In the end, Mikko Hirvonen (3rd) succeeded in outpacing the rest of the group on the afternoon of Day 2 to make it an excellent weekend overall for Ford in Manufacturers' championship terms, while the excellent run of Gardemeister (6th) was spoiled by transmission failure.
Another exciting fight on Sunday morning opposed Carlsson (5th, Citroen/BFGoodrich) and Atkinson (8th, Subaru/BFGoodrich) for 5th spot, but the Swede ending up coming out on top when the Australian lost time with an off on SS18.
Sebastien Loeb (Citroen/BFGoodrich)
"I lost a few seconds at the very beginning of the rally when I stalled at the start of SS1. I also lost time when I was distracted on SS5. Even so, I think the outcome was decided by my poor tyre choice on Saturday. It was totally my fault. Since the start, I had been running slightly longer studs than Marcus and it had worked. So I continued with the same choice for SS11 and 12 but this time there was really too much ice for the longer option and I could feel my studs moving in the tread blocks making the car unstable."
Thierry Kindt, BFGoodrich Developer
"The difference between the amount of stud that protrudes from the tread blocks with the g-Force Ice 'normal stud' and 'long stud' options is a mere 0.5mm. That really isn't much but it can make a huge difference! With longer studs, you have a bigger contact patch and the studs strike deeper into the ice. According to tyre pressures, between 18 and 20 studs per tyre are in contact with the ground at any one time. A difference of just 0.5mm therefore represents a difference in the size of the contact patch of 11 per cent, which is considerable. You could be forgiven for thinking that the more the studs protrude from the tyre then the more competitive you are going to be. But that's not the case, for three reasons:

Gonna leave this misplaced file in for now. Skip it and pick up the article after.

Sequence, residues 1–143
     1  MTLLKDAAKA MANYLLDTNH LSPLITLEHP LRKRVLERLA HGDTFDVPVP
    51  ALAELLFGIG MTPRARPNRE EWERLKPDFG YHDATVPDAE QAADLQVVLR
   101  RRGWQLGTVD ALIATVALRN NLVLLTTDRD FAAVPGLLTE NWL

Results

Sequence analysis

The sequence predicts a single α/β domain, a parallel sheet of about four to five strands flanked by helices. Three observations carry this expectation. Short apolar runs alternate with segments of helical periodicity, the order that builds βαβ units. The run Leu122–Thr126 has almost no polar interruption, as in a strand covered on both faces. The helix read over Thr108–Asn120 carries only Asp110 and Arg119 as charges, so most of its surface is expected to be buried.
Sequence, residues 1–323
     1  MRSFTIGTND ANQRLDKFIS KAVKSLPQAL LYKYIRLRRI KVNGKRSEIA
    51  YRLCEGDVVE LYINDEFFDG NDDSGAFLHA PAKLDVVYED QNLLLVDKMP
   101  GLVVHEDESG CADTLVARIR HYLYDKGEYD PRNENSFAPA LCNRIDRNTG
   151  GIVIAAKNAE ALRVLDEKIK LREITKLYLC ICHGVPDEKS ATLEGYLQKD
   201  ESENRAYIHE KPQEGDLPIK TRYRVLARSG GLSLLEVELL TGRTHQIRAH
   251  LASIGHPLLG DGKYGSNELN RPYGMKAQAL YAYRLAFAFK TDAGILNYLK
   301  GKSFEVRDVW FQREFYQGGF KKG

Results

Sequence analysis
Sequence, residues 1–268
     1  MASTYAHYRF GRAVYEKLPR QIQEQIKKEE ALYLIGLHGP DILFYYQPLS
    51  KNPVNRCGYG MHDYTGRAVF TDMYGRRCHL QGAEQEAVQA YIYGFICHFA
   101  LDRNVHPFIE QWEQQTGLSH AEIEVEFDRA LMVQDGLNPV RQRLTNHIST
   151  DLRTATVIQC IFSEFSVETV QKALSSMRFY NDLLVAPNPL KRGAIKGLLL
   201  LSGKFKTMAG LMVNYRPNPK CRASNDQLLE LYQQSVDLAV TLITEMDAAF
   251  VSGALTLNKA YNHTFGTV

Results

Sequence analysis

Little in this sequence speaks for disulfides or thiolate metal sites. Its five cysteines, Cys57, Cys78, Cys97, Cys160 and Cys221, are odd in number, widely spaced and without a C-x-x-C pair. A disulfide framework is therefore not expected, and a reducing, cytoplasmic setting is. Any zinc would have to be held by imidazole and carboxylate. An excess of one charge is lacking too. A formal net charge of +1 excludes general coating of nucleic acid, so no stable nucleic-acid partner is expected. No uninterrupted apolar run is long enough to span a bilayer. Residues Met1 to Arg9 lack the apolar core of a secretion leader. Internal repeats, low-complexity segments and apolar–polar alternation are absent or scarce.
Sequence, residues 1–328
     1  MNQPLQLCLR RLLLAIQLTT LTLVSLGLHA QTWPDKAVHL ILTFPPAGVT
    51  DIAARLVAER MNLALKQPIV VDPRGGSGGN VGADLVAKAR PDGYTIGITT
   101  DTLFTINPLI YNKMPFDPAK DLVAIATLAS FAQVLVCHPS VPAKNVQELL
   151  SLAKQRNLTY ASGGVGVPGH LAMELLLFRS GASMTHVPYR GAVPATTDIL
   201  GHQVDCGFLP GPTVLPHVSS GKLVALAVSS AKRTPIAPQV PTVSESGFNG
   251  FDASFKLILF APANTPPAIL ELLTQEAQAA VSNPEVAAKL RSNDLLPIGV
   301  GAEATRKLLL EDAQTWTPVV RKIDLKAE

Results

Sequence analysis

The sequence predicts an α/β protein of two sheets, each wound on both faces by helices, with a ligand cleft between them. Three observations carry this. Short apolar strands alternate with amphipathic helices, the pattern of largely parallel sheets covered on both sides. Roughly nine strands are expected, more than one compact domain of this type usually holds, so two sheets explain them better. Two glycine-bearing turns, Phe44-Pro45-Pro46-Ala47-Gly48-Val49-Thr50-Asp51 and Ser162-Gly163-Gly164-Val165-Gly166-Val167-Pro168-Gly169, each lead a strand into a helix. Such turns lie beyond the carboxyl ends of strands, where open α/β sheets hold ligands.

1) the way the stud is fixed in the tyre. The FIA regulations dictate a maximum overall length for the studs of 2cm. So the more that sticks out from the tyre, the less metal there is actually inside the tread block and this increases the risk of them breaking or being pulled out.
2) the way the stud penetrates the ice. Longer studs do not bite entirely into the ice and the car can become uncontrollable.
3) the conditions. For the 'long stud' option to function, there must be a sufficiently thick layer of snow."
Matthieu Bonardel, BFGoodrich Rallies Manager
"As in 2006, Marcus and Sebastien were neck and neck up to the middle of the second day. From the start, they had been running different tyre strategies, with Loeb systematically choosing a slightly 'longer' option than Marcus. This tactic paid off for Sebastien on Day 1 because he was running first on the road, but it wasn't so clear-cut the following day and it was even potentially a handicap for the repeated stages. We were also keen to see how the battle between Carlsson and Galli went. They were driving similar cars but running on different tyres. Apart from the Italian's very brief early showing, Daniel Carlsson had the edge over the full weekend. Our tyres were very durable and fewer studs came free than they did in 2006. Finally, it's the first time that the drivers have had to think about managing their tyre stocks with a view to the next rally and that produced a few surprising choices. For Norway, the priority drivers will have to choose 21 of their list nominated for Sweden."